The judgment in the case of P Sreenivasan v/s Babu Raj; CRL.M.C.NO.1077 OF 2024 & Connected Matter heard in the High Court of Kerala at Ernakulam, involved mattera concerning the interpretation of Section 148 of the Negotiable Instruments Act, 1881 (“NI Act”). This provision pertains to the power vested in the Appellate Court to order payment pending an appeal against conviction under Section 138 of the NI Act.
The issue at hand revolved around the power of the Appellate Court to order payment pending an appeal against conviction under Section 138 of the NI Act. Specifically, the Hon’ble High Court was called upon to clarify the nature and extent of statutory discretion conferred on the Appellate Court in ordering payments pending appeal against conviction, as well as the requirement of providing reasons for such orders.
Thus, the Hon’ble Court after analysing Section 148 of the NI Act and, in the backdrop of the decisions of the Supreme Court in Surinder Singh Deswal v/s Virender Gandhi and Jamboo Bhandari v/s M.P.State Industrial Development Corporation Ltd laid down the following points: –
(a) Under Section 148 of the NI Act, the Appellate Court has a discretion to either order the appellant to deposit a portion of the fine or compensation awarded by the trial court or to waive such deposit. In either event, since it would be exercising a statutory discretion, the Appellate Court would be legally obliged to furnish reasons for its decision so as to unambiguously indicate that its discretion was exercised keeping in mind the object of the statutory provision.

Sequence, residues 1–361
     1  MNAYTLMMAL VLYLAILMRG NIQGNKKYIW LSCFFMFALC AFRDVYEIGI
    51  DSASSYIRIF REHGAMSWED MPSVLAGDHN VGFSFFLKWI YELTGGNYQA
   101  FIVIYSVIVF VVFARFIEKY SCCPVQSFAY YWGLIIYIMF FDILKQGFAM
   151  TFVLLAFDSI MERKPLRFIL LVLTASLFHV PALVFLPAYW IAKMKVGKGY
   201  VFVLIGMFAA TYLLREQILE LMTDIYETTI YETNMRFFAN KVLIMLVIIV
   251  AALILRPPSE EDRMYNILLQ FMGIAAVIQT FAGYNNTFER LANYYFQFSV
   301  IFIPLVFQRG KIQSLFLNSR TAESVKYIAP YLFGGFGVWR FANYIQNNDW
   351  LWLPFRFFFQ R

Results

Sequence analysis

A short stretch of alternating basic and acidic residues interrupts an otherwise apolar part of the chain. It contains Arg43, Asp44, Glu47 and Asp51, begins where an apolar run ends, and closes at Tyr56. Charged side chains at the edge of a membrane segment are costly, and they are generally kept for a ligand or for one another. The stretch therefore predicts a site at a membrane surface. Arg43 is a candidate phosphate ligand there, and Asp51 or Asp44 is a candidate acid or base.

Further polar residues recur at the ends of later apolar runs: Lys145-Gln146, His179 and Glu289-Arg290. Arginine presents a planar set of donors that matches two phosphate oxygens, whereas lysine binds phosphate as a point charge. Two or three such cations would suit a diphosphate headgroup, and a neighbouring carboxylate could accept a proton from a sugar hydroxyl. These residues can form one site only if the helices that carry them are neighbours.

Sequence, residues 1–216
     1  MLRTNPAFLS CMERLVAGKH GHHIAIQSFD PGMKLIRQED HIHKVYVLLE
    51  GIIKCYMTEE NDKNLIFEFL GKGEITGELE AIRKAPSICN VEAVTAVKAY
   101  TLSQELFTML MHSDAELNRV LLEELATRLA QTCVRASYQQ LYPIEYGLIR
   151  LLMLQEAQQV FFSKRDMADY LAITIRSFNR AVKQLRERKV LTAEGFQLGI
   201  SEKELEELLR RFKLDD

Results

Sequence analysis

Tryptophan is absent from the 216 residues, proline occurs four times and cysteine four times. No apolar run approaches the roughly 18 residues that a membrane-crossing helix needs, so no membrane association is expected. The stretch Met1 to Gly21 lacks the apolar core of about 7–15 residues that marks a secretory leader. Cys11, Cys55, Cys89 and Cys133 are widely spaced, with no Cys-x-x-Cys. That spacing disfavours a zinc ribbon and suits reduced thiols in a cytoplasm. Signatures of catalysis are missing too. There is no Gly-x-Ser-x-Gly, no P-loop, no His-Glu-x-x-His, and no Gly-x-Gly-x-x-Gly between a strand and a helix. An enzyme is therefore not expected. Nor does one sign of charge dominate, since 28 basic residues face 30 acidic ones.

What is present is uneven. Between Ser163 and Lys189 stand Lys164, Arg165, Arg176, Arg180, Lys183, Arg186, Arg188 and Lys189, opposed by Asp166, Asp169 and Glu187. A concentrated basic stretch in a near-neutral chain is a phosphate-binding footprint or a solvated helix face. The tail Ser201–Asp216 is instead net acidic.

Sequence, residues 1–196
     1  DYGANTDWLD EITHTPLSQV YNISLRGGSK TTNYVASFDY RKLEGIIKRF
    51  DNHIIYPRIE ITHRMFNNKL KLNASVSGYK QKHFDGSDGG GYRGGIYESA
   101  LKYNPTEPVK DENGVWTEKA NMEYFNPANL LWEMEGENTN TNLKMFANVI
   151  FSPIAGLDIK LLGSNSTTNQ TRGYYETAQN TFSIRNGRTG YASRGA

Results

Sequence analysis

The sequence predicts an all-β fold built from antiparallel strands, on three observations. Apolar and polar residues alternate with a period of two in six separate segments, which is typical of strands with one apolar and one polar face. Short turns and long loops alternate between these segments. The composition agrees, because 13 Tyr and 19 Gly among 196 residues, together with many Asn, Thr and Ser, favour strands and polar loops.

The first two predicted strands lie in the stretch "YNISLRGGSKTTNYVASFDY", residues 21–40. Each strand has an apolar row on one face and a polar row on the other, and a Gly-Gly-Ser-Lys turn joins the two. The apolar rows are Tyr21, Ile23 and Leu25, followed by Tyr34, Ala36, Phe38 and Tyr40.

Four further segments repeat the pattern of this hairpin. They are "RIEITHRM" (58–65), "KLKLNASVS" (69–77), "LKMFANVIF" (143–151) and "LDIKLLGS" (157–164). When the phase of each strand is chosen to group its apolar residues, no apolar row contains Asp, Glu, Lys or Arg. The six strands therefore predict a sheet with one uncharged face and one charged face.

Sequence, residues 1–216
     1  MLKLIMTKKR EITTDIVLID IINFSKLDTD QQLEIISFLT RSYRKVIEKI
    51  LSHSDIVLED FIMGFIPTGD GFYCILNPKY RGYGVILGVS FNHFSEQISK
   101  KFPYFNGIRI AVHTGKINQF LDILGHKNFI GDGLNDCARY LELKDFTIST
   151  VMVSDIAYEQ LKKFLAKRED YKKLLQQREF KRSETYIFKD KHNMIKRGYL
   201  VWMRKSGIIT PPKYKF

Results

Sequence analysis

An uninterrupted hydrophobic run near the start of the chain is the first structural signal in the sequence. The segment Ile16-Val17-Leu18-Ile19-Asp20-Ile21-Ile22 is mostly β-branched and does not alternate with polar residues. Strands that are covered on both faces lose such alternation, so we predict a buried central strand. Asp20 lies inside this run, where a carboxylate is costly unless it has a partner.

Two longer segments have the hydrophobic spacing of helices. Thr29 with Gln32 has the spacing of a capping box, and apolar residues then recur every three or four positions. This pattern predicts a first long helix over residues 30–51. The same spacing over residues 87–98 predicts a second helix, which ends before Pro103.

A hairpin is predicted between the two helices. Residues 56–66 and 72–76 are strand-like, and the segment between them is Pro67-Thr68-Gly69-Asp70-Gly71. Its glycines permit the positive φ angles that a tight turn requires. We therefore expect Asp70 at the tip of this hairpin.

(b) If the Appellate Court, pursuant to the exercise of its discretion, finds that the appellant is required to deposit a portion of the fine or compensation awarded by the trial court pending disposal of the appeal, then the amount directed to be deposited cannot be less than an amount equivalent to 20% of the fine or compensation awarded by the trial court.
(c) If the Appellate Court chooses to direct the appellant to deposit any sum which is more than 20% of the fine or compensation awarded by the trial court, then it would be obliged to give further reasons for directing the deposit of such amounts as are in excess of the minimum of 20% of the fine or compensation awarded by the trial court.
Ultimately, the Hon’ble High Court held that that the orders of the Sessions Court in this case and the other connected matter, under consideration did not contain sufficient reasons to support the findings therein. As a result, the Court deemed it appropriate to set aside the impugned orders and directed the Sessions court to pass fresh orders in the petitions under Section 389 of the Criminal Procedure Code.


Author of this article:

Adv. Ravish Bhatt,
Partner, R&D Law Chambers,
Dual Qualified Lawyer Solicitor | International Tax Affiliate

Connect with Mr. Bhatt on Linkedin: https://www.linkedin.com/in/adit-ravishbhatt/

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